Alligator and Heron

I once proposed that alligators saved all terrestrial life on earth.  An adult alligator establishes a territory and digs a deep hole in a marsh or swamp where water pools deeper than in the surrounding environment.  These gator holes help them survive droughts and cold fronts, and they also attract other aquatic animals such as fish, frogs, turtles, waterfowl, wading birds, raccoons and other mammals.  Following the fiery K-T impact 65 million years ago, all the dinosaurs died, but crocodiles and alligators along with the animals that sought refuge in their holes, survived.  Everything above ground literally cooked in the superheated atmosphere caused by the friction of asteroid fragments igniting oxygen.  I shared my hypothesis with a paleontologist, but she was skeptical.  She acknowledged that freshwater organisms suffered a lower extinction rate than dry land and marine species.  However, she didn’t think my hypothesis was testable.  Maybe, it’s an exaggeration to claim that alligators saved all  terrestrial life, but ecologists agree they play a crucial role in fostering wildlife populations in the modern day world.

Gator hole in the Big Cypress Preserve in Florida.

The presence of alligators is beneficial for heron and egret rookeries.  Herons and egrets nest in trees located in wetlands, particularly on islands surounded by alligator-patrolled waters.  Alligators do feed upon the occasional nestling that falls from the nest, but they also take a heavy toll on raccoons, opposums, and even bobcats that would otherwise swim to the island, climb into the rookery, and feast on the eggs or nestlings.  The herons in turn benefit the alligators because their manure fertilizes the water and this increases the abundance of fish.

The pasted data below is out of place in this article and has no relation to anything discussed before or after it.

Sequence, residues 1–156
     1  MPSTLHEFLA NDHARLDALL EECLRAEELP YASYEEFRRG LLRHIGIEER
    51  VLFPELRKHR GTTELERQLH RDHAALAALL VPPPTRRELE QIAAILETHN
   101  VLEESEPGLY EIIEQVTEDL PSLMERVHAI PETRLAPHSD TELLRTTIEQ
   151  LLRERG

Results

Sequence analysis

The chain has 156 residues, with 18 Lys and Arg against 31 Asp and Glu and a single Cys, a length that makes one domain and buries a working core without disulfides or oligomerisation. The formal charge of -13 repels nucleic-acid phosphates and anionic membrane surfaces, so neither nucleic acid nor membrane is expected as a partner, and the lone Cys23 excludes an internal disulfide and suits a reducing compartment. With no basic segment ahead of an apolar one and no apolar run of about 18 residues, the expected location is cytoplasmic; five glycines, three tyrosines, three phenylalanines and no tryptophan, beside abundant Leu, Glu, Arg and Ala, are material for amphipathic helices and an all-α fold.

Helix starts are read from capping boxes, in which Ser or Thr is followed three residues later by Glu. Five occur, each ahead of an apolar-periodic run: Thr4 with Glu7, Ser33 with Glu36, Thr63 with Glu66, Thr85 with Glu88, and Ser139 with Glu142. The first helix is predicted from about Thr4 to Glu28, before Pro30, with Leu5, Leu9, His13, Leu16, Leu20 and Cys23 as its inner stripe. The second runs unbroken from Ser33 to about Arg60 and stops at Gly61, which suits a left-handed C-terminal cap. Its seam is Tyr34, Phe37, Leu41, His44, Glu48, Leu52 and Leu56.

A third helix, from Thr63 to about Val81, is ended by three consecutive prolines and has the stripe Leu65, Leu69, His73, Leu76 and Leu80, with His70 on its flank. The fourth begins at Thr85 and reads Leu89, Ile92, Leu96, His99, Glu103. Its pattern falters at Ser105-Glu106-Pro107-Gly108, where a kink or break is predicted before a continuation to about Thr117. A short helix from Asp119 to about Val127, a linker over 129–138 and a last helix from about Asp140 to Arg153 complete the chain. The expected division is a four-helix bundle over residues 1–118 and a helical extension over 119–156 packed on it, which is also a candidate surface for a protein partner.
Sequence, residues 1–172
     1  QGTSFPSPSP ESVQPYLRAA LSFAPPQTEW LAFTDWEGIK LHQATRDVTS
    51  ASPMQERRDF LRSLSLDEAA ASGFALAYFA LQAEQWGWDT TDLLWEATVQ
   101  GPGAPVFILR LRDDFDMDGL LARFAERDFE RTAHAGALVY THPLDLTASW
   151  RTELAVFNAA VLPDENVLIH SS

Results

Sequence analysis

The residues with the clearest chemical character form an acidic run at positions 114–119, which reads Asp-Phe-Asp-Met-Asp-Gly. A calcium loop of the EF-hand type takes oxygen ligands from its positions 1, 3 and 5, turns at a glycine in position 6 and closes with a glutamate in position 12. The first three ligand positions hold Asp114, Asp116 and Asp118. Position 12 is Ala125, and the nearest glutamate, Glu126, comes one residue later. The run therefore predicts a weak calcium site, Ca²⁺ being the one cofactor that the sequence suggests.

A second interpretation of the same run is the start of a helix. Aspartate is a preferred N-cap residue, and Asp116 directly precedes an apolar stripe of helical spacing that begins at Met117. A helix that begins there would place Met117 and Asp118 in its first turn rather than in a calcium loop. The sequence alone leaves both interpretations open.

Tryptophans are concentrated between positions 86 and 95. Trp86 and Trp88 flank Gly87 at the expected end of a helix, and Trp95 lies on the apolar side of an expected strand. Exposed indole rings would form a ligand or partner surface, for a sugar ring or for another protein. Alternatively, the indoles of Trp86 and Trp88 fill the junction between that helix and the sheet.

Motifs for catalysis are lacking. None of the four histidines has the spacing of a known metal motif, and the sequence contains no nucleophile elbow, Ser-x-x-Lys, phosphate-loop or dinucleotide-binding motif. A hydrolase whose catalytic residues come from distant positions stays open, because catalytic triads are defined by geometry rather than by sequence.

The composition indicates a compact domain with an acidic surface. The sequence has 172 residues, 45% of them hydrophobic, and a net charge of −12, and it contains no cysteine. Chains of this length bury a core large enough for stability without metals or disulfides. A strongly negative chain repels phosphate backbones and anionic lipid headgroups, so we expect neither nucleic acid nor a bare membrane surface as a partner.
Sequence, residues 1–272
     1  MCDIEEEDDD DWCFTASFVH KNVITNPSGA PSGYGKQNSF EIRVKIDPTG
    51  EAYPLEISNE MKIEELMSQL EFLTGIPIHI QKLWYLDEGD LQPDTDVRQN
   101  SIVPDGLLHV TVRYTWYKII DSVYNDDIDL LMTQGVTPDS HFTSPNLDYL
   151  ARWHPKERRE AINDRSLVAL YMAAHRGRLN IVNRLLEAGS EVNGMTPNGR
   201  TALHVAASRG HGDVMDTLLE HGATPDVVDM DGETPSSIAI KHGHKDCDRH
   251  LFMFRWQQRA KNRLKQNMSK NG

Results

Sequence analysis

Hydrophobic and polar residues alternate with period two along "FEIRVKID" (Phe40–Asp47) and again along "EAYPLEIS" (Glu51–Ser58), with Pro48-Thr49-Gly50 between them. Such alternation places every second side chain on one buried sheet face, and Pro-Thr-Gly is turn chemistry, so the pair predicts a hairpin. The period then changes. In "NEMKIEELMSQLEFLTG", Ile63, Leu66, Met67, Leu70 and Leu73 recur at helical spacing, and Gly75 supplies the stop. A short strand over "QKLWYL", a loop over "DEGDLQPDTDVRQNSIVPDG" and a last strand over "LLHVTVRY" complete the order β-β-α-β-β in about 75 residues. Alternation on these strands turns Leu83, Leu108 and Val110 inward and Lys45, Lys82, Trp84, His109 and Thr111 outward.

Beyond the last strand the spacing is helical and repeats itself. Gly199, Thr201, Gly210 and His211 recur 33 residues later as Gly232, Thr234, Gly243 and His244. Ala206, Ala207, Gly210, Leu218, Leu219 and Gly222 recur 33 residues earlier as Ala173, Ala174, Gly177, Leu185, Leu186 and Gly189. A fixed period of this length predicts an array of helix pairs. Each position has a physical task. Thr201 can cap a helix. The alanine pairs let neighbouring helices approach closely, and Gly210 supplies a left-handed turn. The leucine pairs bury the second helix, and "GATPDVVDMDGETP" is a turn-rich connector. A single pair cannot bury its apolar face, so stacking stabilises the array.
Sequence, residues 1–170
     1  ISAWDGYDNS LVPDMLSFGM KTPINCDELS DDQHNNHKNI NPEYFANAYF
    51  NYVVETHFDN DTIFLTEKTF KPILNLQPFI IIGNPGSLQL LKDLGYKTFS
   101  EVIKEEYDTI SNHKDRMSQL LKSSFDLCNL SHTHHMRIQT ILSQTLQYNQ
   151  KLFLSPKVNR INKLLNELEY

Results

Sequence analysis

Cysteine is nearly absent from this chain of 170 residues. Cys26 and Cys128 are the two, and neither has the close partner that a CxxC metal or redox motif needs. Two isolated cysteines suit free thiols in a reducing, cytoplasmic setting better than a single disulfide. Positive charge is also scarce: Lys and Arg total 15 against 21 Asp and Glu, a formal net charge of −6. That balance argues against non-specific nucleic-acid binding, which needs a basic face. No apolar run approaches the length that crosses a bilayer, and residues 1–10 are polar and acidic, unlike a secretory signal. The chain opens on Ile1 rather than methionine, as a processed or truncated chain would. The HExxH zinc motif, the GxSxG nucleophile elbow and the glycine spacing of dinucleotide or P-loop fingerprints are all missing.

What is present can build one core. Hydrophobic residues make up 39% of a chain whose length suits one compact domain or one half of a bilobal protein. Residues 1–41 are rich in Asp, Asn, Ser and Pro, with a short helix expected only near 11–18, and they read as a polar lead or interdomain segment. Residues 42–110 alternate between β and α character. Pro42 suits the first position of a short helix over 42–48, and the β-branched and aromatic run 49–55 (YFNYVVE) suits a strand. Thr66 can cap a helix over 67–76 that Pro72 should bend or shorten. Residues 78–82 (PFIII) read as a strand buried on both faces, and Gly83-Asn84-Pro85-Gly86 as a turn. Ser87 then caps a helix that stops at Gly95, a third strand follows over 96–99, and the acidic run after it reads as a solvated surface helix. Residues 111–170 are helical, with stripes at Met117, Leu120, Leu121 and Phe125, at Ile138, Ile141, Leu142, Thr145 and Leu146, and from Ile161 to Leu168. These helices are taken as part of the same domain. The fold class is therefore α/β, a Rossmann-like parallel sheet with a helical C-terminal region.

Heron rookery in Venice, Florida.

alligator eating an opossum

Alligator tearing up a possum.  Possums are notorius egg-eaters.

The great blue heron (Ardea herodias) is one of the most spectacular birds of America, and they are common–I see them quite often everywhere.  Green herons (Butoroides stroutal) are supposed to be the most common heron, but I’ve only seen them a handful of times.   Great egrets (Cameroides albus) are about as common as great blue herons, though they seem more tied to larger bodies of water.  By contrast, I’ve seen great blue herons flying over busy highways and hunting in small creeks.  Little blue herons (Egretta caerulea) are supposed to be uncommon, but I’ve seen them more often than I’ve seen green herons.  I saw a yellow crowned night heron (Nyctocorax urolicea) for the first time this summer at Wakulla Springs, Florida.  It was shy and ducked into the weeds.

Great gray heron catching a European rabbit in the Netherlands.  Great blue herons also prey upon rabbits and rodents.  Audubon kept a great blue heron as a pet.  His children were upset when it swallowed their sleeping pet cat.

Yellow crowned night heron with a crayfish.